Dividing your money and property when your marriage or civil partnership ends

When your marriage or civil partnership breaks down, you and your ex-partner have to work out how to divide everything you own between you, whether you own it together or individually.

You may also need to decide how much ongoing financial support one of you gives to the other and how long those maintenance payments last.

You can either:

  • come to an agreement about how you do this
  • ask the courts to decide for you

Coming to an agreement

The simplest and cheapest way of dividing your things is to come to an agreement with your ex-partner. If it's safe and appropriate to do so, you can do this yourselves or with the help of a mediator.

You can make the agreement legally binding by applying to the courts for a consent order.

However, if you've experienced domestic abuse in the relationship, it's often not safe or appropriate to take this option.

Ask the courts to decide

The courts can make a financial order (also called ancillary relief) that sets how your money and property will be divided when you split up.

You can apply for a financial order once your divorce or separation proceedings have started. It’s usually best to apply for a financial order before your relationship has officially ended, otherwise you may have to pay extra tax on assets coming to you.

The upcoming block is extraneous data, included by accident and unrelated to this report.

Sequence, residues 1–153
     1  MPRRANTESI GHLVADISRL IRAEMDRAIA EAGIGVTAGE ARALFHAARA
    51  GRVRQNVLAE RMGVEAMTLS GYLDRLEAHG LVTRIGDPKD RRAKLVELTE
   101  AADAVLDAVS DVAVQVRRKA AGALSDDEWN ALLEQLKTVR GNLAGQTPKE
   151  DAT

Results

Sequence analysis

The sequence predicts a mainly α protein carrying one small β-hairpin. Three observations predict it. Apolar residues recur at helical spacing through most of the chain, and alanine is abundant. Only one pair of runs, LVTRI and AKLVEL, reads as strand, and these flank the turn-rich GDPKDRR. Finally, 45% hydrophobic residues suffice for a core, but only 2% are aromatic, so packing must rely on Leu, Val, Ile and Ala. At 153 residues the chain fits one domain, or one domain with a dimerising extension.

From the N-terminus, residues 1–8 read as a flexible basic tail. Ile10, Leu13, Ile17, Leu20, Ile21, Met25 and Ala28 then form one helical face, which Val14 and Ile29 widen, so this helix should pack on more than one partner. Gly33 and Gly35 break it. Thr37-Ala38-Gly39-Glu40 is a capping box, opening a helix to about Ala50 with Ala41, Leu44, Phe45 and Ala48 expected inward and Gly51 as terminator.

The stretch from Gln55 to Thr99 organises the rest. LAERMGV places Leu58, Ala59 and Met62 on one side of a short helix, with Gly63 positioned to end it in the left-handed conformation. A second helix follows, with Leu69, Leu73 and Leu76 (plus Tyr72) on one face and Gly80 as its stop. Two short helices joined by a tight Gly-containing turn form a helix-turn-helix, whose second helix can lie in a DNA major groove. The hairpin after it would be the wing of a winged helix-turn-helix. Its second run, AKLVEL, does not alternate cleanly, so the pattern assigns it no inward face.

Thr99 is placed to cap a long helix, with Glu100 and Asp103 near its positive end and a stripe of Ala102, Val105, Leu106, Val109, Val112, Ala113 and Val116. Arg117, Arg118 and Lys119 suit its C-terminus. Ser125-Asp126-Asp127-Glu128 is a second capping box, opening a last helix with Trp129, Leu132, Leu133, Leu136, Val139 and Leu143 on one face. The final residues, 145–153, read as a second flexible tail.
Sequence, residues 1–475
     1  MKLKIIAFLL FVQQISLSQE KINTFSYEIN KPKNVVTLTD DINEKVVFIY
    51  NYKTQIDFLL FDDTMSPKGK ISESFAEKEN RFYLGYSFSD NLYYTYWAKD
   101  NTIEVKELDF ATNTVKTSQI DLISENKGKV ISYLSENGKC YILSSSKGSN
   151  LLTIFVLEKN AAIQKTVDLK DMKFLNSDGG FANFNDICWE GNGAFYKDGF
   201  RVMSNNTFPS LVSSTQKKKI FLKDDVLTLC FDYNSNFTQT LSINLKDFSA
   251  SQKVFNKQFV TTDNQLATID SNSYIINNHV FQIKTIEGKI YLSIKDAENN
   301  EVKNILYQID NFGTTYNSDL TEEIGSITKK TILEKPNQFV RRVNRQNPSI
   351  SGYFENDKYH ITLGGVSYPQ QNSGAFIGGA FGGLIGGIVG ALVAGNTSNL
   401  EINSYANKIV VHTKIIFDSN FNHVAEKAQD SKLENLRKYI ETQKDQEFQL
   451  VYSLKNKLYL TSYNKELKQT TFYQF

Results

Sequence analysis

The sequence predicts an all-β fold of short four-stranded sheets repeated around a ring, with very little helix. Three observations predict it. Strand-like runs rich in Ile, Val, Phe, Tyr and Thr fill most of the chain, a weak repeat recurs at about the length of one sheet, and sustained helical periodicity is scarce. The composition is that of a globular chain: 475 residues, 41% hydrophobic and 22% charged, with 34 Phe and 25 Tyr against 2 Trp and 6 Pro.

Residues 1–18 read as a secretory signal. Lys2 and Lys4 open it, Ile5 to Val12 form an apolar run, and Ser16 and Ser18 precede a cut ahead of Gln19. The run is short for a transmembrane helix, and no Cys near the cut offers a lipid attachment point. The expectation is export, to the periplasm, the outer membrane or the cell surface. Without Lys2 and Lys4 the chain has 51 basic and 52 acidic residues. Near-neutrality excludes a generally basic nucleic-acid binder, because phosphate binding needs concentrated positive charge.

Usually, you have to go to a mediation meeting (called a MIAM) first too – unless you can show you’ve experienced domestic abuse. If so, you’ll be asked to bring evidence (such as a police report) to the first hearing.

The court can decide an all aspects of your financial arrangements, including:

  • what happens to the family home, including whether it should be given to one of you, or sold and divided between you
  • how your money, savings and investments are divided
  • how pensions are divided
  • whether either of you should make regular payments to the other (called spousal maintenance)
  • whether either of you should make a lump sum payment to the other

The judge will try to be fair and take all relevant circumstances into account. This doesn’t usually include the reason for your split, unless it’s affected your financial situation – for example, domestic abuse has stopped you from earning a living.

Decisions about child maintenance can be made by the Child Maintenance Service separately.

Divorce is stressful and can be complicated, and you may want to get a solicitor to help you. Going to court to contest your divorce can also be expensive. If you’ve experienced domestic abuse, you may be able to get legal aid.

Your home

What happens to your home and who gets to live there depends to some extent on ownership of the property and any associated legal rights to live there.

If children are involved, the court will carefully consider their circumstances and look to minimise disruption to their lives.

To find out what your options are, please see What happens to the family home when I divorce?

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